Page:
Amherstburg police mourn loss of Sr. Const. Joan Lovell

 

Officers with the Amherstburg Police Service and other  municipal forces salute as part of the funeral of Sr. Const. Joan Lovell last Saturday morning.

Officers with the Amherstburg Police Service and other
municipal forces salute as part of the funeral of Sr. Const. Joan Lovell last Saturday morning.

Amherstburg Police Sr. Const. Joan Lovell died July 29 at the age of 59.

Amherstburg Police Sr. Const. Joan Lovell died July 29 at the age of 59.

By Ron Giofu

 

Amherstburg police are mourning the loss of one of their own after Sr. Const. Joan Lovell passed away July 29.

Lovell died of leukemia at the age of 59, only months after she had returned to work after a bout with breast cancer. Lovell had been with the Amherstburg Police Service since 1999, after stints in Tilbury and Chatham-Kent (1993-99) and Windsor (1976-79). In between, she worked in security with Boblo Island Amusement Park for 12 years where she worked her way up to being head of security.

During her 15 years in Amherstburg, Lovell spent over a decade as the community services officer and also served for a time as the media relations officer. Chief Tim Berthiaume commented that Lovell was the face of the police department for many.

“Joan was a tremendous person,” said Berthiaume. “She was a dedicated police officer, a loving wife, mother and sister. She had a passion for her community, a passion for youth in the community and a willingness to take on new tasks.”

Berthiaume noted Lovell delivered the Values, Influences and Peers (VIP) program to hundreds of youth in Amherstburg and was so committed to the program, she became an instructor to other officers that delivered the program as well. Lovell also delivered first aid programs to many people in the community as well, he added.

“Joan was an important part of the Amherstburg Police Service. She will be sadly missed but she will never be forgotten,” the chief stated. “We loved her. She was such a good person. She was good hearted, a good worker and loved being a police officer.”

When Lovell first joined the Amherstburg Police Service in 1999, Berthiaume recalled working on the same shift as her. When Lovell and her husband Cliff went to Mexico on vacation, he said she returned with souvenirs for the entire platoon.

“She would often talk of her family, her children and her sisters,” said Berthiaume. “I quickly learned they were the love of her life, every one of them. She loved her kids (Heathyr, Michael and James and James’ wife Shawntelle) and she was proud of them. She adored her husband Cliff. Everyone else called him Cliff except for her; she called him Clifford.”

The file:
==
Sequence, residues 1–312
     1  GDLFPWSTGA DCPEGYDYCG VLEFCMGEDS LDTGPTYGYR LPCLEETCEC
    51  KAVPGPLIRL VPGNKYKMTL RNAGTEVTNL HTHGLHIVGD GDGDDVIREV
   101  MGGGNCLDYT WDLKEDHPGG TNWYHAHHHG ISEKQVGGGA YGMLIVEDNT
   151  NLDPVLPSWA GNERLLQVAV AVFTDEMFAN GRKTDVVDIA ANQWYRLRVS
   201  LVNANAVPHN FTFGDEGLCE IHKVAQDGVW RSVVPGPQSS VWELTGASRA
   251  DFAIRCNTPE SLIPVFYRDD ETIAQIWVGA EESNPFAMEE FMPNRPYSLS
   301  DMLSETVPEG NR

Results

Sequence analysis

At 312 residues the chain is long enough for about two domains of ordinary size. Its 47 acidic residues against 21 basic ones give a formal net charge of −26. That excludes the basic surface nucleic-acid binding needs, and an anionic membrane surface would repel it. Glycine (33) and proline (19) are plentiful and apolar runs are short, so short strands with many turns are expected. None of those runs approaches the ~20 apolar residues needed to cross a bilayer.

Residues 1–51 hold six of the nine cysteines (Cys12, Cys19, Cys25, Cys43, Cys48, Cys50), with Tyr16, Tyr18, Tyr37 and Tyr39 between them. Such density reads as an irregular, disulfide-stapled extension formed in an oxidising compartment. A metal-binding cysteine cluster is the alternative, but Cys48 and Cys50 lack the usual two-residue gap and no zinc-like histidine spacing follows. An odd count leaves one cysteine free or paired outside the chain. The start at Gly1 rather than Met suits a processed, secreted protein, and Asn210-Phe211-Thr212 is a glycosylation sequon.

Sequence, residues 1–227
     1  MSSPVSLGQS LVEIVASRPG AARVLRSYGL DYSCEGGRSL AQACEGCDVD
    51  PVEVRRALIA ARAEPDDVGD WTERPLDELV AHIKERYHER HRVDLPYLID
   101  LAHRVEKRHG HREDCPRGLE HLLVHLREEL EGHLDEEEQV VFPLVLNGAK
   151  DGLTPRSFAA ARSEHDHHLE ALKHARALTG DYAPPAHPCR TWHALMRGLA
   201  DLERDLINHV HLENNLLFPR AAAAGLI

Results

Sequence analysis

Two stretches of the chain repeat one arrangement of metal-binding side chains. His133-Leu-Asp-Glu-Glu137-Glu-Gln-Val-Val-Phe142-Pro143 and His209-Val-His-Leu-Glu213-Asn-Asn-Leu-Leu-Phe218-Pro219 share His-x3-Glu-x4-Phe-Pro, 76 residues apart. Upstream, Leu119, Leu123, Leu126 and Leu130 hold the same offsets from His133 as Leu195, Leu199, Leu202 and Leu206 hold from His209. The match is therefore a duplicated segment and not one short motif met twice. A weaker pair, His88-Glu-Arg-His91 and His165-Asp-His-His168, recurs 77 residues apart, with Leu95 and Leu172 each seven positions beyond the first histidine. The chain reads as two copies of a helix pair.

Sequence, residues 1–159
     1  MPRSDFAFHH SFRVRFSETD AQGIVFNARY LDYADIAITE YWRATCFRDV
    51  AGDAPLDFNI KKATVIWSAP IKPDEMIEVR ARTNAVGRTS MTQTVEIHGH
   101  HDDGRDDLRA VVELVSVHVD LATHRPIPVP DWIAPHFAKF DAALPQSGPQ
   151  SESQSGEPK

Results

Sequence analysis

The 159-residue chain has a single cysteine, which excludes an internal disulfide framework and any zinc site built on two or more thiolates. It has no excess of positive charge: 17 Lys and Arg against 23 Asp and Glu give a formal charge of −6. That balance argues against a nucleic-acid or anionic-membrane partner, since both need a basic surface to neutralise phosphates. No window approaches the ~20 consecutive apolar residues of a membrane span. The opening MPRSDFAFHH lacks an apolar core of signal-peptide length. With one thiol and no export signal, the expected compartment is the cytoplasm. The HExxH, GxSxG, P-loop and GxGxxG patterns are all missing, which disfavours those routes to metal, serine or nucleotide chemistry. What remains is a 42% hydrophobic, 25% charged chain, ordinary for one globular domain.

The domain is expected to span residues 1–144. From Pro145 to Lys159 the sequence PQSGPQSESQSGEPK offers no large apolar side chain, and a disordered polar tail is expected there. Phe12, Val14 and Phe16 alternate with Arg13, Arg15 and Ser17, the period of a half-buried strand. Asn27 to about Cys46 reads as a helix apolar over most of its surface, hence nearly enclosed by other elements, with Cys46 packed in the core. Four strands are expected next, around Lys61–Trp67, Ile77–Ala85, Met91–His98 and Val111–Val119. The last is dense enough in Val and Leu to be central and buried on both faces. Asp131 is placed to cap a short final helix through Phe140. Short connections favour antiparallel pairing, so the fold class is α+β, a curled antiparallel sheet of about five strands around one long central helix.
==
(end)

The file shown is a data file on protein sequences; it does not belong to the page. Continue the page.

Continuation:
Berthiaume pointed out that Lovell was due to become a grandmother in the next month or so.

“Joan was excited when she received the news she was going to have a grandchild,” said Berthiaume. “She often talked about how excited she was to have a grandson or granddaughter.”

Cliff Lovell said his wife was involved in many community events and festivals, as well. He pointed out they were married Aug. 13, 1977 at Paulin Memorial Church in Windsor with the reception being at their Park Ave. home where they lived ever since.

“She was an elder in her church,” he added.

Cliff noted that Joan had been with Tilbury police and served only a few months when that service was amalgamated with Chatham-Kent when Amherstburg police were looking for a new officer. She fit the bill of what Amherstburg police was looking for at the time, he said, with her being moved into the community services role a few years later under then-Chief Brian Bird.

Sandee Elliott, one of Lovell’s sisters, said she loved going into schools and educating children.

“She was down to Earth. She only cared about giving to everyone else,” said Elliott. “Family mattered to her as well. She wanted to see families whole and functioning.”

Her family recalled Lovell’s love of Christmas as well as her enjoyment of fishing, though Cliff jokes, “as long as it wasn’t too long.”

Christine McLaughlin, another of Lovell’s sisters, said they couldn’t go anywhere without someone coming up to Joan and remarking about how they were taught by her.

“If Joanie were here, she’d be appreciative of the outpouring of support we’ve received as a family,” added Elliott. “There will be no one to fill her shoes. No one could.”

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